A group of tech giants working to mount a serious challenge to Intel in the data center, has previewed an upcoming open standard for interconnecting components in a server it is positioning as an alternative to Intel’s proprietary technology.
The group includes Google, hardware vendors IBM, HP Enterprise, Dell EMC, as well as Intel’s more direct rivals AMD and NVIDIA, among others. IBM’s upcoming Power9 processors, expected to launch next year, will support the standard and so will IBM’s servers they will power.
Intel currently dominates the market for server chips, and hyperscale data center operators like Google, which spend enormous amounts of money on hardware every quarter, want a viable alternative. They have generally adopted a multi-vendor strategy for sourcing nearly all components of their infrastructure, but it’s difficult to extend that strategy to processors given the size of Intel’s lead in the market.
OpenCAPI and Power9 are aimed at the high end of the server market – computers used for data-intensive analytics workloads or machine learning. The group claims that the standard will be capable of boosting server performance tenfold.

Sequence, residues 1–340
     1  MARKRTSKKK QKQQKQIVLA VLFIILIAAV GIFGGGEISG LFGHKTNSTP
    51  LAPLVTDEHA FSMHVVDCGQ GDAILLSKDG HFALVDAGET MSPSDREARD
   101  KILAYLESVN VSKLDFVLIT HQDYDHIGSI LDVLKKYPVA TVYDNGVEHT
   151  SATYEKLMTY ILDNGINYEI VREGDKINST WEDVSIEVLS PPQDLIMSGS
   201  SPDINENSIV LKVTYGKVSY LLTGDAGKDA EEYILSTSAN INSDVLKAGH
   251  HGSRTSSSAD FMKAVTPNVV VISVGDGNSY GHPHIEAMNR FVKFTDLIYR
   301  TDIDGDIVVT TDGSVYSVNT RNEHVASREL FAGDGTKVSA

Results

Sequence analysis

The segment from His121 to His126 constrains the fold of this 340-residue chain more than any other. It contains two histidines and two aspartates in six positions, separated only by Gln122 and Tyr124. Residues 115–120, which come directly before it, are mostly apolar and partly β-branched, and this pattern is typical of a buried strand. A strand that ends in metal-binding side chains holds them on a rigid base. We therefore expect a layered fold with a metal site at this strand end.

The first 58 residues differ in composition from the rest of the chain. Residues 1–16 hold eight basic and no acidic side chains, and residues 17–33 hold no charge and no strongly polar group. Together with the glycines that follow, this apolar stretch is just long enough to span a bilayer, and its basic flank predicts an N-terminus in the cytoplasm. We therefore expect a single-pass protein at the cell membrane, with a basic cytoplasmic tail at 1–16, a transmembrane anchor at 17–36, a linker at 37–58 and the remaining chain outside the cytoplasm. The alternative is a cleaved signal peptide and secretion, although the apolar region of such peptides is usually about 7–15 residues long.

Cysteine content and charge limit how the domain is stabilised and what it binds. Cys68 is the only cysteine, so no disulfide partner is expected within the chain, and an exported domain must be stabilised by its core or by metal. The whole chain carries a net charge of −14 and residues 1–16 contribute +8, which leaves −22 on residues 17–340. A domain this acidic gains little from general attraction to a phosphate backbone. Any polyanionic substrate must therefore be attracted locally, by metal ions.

That performance improvement comes as a result of two things: higher bandwidth on the links between CPUs and accelerators and cache coherency, which essentially means data needs to be shuffled less within the system as it is being processed, saving resources as a result.
Accelerators, or additional processors that take on a portion of the CPU’s workload to free up its resources, have been a mainstay in the world of supercomputers for years, but their role is now growing in importance in server architecture for cloud data centers and for the quickly emerging field of machine learning. “The compute model going forward is the marriage between a really good data-centric processor, like Power, and a really good set of acceleration technologies,” Doug Balog, general manager for IBM Power Systems, said in an interview with Data Center Knowledge.